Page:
“There’s really no reason to be fearful of tarantulas,” she reiterated. “They’re harmless.” 

Clearly, this is all prudent information for any tarantula tourist, but I have yet to see one in the wild. I ask Stevens about conditions for spider spotting in the next few days and she says temperatures are supposed to get a bit cooler, meaning the odds are looking good.  

When I set out to explore the Comanche National Grasslands, it’s early on a Friday evening, a time when most people might choose to be with friends, sipping cold craft beer. To my shock, I’m the only one out here hunting spiders. 

Over the next hour, I drive up and down Highway 109 as well as several smaller dirt roads. I spot many things that look like a tarantula from a distance, but upon closer observation are more stink bugs or small birds. As the sun lowers in the sky, the light becomes orange and piercing. I hold out hope I’ll find one.

Those hopes are dashed when raindrops hit my windshield.

Like a wall of water, a desert storm moves in swiftly, and I assume the night is a loss. If I had cell service I would Google, “Do tarantula like rain?” but I imagine their hairy paws recoil at the smallest drop of water. I put the car in reverse to head home.

But once I reach the edge of the national grasslands, the rain, as quickly as it came, has already cleared. I consider for a moment how tired I am and how I would really like to head home. If I leave now, maybe I can still watch Netflix with my husband. But darn it, I came all this way to see a spider.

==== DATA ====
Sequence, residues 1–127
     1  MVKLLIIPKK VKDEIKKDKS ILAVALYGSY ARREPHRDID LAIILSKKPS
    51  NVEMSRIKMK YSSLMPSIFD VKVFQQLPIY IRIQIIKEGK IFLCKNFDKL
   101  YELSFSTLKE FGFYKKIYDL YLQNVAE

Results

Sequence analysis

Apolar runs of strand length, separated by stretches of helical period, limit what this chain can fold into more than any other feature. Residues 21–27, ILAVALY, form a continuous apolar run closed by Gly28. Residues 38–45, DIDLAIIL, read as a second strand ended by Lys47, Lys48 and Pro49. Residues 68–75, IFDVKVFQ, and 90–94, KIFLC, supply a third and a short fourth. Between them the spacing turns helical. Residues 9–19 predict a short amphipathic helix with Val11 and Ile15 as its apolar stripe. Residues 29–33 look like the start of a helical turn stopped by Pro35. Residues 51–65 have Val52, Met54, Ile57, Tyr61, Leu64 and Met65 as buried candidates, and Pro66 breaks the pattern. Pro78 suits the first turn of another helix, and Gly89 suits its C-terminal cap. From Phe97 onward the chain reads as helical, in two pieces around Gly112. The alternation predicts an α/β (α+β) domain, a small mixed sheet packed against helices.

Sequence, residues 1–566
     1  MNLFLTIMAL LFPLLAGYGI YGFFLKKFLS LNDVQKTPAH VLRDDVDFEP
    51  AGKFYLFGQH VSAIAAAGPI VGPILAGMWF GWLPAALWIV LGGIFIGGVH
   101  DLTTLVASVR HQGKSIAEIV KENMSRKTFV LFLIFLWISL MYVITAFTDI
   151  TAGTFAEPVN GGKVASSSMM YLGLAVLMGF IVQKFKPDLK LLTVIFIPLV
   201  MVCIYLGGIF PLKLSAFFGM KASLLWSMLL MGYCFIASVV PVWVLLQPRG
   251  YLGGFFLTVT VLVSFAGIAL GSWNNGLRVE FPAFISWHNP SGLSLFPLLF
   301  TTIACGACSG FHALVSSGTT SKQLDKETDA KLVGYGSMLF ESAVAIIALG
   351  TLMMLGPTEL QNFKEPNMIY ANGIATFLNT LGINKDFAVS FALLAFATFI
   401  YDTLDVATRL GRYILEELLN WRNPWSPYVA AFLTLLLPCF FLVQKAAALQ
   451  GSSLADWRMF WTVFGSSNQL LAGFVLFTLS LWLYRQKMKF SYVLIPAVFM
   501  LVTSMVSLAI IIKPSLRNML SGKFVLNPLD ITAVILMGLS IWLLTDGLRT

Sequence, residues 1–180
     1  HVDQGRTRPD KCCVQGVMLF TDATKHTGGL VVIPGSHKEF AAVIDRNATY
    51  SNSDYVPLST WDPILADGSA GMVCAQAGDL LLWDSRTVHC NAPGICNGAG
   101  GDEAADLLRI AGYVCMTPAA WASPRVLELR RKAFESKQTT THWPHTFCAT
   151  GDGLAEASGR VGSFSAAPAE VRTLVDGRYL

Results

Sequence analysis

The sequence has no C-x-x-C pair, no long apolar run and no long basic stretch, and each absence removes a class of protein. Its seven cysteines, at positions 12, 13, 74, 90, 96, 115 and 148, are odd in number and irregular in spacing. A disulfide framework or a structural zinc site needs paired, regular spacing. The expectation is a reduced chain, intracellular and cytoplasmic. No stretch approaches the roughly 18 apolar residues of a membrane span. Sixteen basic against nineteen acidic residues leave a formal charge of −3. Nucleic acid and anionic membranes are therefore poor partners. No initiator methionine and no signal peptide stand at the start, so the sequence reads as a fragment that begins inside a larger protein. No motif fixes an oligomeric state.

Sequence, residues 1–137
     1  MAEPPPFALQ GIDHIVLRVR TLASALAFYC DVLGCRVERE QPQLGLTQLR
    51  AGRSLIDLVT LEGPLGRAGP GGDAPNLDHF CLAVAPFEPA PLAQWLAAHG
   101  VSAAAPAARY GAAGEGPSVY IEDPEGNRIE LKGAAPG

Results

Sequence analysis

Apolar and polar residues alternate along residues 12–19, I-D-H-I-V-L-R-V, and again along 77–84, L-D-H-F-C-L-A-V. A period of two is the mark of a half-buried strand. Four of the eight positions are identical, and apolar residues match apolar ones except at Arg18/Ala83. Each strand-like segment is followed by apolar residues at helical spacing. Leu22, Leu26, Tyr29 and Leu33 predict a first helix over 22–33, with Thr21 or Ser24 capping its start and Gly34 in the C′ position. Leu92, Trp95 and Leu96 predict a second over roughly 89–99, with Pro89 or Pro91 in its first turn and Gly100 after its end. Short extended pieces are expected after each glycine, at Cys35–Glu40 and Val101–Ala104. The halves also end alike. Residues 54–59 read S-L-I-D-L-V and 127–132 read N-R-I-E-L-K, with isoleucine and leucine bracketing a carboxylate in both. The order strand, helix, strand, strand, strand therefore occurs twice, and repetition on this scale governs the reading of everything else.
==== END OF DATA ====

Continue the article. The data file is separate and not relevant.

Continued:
I head back into the lonely sunset prairie. A half-hour passes when finally, at the edge of the road, I think see the distinct silhouette of a very large spider. 

Unsure if maybe I’m hallucinating, I pull the car over in a panic. I race to the edge of the road and there he is; brown, furry, and about the size of my hand.

I kneel down for a closer look, and rather than feel terror, I’m actually a bit moved; this tarantula is making the trek of his life, braving predators and cars, all to find his mate. 

Before I can pull out my camera, he’s continued to crawl off into the dark prairie. It was enough to see just one tarantula, but any tourist traveling southeast between mid-September and early October can be sure to see many more.

Copyright 2019 KUNC

As a reporter for Harvest Public Media, I travel throughout northern Colorado, and parts of Wyoming and Nebraska to cover agriculture and rural issues.